Changing habits has to be one of the hardest challenges that a person can face. Forming a new habit takes sustained effort, and breaking bad habits could prove even more frustrating. This is why abruptly changing is not enough.
James Clear writes about habit change and related topics. He has become a recent inspiration for me. You can find a link to one of his articles below, about a strategy he calls the habit creep. Essentially, Clear advocates for slow and sustainable change.
I first heard his work in one of his talks concerning marginal gains. Around that time I wrote the post “An adventure in goal-setting lead to this realization…”
In that post, I explored a newfound enthusiasm for building a routine around short tasks, and at that particular time in my life, I focused on different ways to change bad habits and build better ones.
Clear’s strategy for setting small, manageable goals (e.g. writing three sentences a day), was one of many strategies that shifted my perspective on goal-setting and habits altogether.
When building a new habit, we should be thoughtful in our approach.
I’m sure he would agree with me on the issue that abruptly changing your lifestyle is not enough; in fact, abruptly changing your daily activity may do more harm than good. This is not to say that a quick change or boost, will be completely fruitless. Honestly, there have been times in my life when I needed an abrupt change to get me going.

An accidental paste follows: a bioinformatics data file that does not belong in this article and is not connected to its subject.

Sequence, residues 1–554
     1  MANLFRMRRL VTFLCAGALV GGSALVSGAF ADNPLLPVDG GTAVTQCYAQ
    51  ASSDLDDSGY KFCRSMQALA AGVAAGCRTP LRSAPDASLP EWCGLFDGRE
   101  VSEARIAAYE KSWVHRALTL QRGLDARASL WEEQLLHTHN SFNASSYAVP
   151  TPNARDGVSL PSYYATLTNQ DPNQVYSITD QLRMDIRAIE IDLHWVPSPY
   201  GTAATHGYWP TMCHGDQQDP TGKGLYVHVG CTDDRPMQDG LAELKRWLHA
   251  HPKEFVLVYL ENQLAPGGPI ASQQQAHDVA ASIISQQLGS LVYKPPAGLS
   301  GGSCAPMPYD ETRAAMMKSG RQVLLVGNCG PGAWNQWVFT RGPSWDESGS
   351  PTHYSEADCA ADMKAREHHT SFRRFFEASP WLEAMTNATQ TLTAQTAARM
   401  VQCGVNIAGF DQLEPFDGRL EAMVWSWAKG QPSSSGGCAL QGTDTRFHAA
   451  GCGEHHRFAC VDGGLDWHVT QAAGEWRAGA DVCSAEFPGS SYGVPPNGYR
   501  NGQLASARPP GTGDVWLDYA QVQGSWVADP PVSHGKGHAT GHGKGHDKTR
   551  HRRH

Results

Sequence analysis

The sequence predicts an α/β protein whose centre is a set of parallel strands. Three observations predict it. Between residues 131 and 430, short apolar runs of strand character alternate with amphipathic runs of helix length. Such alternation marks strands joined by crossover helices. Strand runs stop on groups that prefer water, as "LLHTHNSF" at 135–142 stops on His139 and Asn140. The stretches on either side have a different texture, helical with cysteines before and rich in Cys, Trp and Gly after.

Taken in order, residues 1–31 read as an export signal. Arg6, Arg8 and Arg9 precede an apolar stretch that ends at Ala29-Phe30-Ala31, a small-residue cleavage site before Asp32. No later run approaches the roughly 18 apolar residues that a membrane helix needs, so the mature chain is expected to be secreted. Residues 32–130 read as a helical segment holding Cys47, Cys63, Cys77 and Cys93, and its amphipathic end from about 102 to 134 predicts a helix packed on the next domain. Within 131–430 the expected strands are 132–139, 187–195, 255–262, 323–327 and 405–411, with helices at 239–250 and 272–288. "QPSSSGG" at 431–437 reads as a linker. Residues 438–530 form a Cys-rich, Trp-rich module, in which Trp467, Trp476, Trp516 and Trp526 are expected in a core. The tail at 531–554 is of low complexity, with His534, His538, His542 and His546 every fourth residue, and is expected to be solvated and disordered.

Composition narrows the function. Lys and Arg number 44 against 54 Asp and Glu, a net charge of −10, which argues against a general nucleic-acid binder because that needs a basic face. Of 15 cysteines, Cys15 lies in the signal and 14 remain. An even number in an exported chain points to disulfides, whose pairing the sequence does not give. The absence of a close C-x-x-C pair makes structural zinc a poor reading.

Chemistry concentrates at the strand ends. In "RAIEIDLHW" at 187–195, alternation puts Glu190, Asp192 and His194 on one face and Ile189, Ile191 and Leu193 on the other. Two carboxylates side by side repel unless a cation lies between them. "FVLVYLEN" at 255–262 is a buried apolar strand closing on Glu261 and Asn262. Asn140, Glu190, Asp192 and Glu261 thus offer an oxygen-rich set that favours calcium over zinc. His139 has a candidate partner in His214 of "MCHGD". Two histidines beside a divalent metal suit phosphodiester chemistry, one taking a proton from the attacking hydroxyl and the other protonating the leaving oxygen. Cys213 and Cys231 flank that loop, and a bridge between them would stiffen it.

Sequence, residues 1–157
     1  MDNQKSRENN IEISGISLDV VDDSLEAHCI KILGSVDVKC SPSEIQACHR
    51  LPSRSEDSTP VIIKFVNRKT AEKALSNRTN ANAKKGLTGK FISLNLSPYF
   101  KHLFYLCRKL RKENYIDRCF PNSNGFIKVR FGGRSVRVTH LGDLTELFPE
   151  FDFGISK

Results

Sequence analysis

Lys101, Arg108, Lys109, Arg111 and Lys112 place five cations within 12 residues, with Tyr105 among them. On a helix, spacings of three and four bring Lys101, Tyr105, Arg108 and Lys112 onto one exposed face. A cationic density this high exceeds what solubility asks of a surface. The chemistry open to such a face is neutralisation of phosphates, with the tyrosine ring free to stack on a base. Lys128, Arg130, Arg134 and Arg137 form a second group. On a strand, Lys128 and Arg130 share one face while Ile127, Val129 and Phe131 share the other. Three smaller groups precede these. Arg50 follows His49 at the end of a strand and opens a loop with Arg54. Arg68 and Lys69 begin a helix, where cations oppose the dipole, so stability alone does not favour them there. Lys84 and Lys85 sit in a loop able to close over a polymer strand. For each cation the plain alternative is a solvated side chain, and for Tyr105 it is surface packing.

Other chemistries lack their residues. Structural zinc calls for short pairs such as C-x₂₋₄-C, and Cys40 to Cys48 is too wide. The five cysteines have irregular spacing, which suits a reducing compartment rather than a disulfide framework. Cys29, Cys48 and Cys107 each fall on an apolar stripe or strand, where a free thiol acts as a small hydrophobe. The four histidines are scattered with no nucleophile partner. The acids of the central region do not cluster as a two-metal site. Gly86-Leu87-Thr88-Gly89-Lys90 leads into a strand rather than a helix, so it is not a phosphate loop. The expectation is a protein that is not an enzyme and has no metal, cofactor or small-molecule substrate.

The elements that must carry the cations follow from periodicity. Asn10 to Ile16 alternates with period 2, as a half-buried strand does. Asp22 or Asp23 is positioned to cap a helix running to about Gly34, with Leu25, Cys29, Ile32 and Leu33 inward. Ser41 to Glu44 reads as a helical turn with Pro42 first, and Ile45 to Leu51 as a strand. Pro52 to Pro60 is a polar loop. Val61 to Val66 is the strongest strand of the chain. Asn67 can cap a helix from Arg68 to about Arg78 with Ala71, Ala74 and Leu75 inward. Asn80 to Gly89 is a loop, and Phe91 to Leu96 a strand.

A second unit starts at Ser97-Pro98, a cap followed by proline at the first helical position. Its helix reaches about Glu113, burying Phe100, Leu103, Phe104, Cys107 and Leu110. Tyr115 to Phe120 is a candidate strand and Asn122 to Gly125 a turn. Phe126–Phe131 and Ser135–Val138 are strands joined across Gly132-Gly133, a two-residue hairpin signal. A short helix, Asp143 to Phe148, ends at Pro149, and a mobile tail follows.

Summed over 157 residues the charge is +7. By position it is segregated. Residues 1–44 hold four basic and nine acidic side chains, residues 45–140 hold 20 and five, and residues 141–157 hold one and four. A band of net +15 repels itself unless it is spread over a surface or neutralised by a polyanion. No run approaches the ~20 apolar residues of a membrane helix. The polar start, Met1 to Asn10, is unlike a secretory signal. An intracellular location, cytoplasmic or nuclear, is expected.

Still, James Clear delivers something different. The tone is relaxed. I really enjoy the calm approach that he takes towards building lasting change. In my experience, setting smaller, more manageable goals often leads to better results. This seems to align with Clear’s ideas.
On the rainy days, when I feel exhausted and my brain is telling me to abandon my large-scale projects, I just turn to a small habit related goal. Take reading, for example. Next week, from May 7th – May 14th, 2018, I am participating in, and hosting, a 7-Day Reading Challenge. The rules are built around the idea of small, sustainable habit change.
Two of James Clear’s strategies helped me form the rules for the 7-Day Reading Challenge.
In his article, “The Proven, Reasonable and Totally Unsexy Secret to Success“, Clear writes:
- Increase your performance by a little bit each day. (Most people take this to the extreme.)
- Change your environment to remove small distractions and barriers. (Most people never think about this.)
My initial goal was to read more and to post more because reading helps me inform my writing, and posting keeps me reflecting about what I read, how I communicate with others, and how I contribute to discussions around reading, writing, and thinking.
Both rules of the 7-Day Challenge involve a small, manageable step. The rules do not perfectly align to the habit creep, but I am convinced that they can lead better reading and posting habits.
Here are the two rules of the #ReadWithCurtis 7-Day Reading Challenge.
During the official dates, I plan on adding daily tasks to help people “incrementally increase the level of performance” in the challenge. Part of that involves changing our mental and physical environment in small, manageable ways.
I’ll post all the tasks here.
Whatever you are working on may benefit from the same approach. I recommend reading some of James Clear’s ideas and chewing on them for awhile.
Daily Prompt Post: Abrupt
Do you have a goal that you are working on? Are you joining the 7-Day Reading Challenge?
Feel free to comment below or link back to this post!
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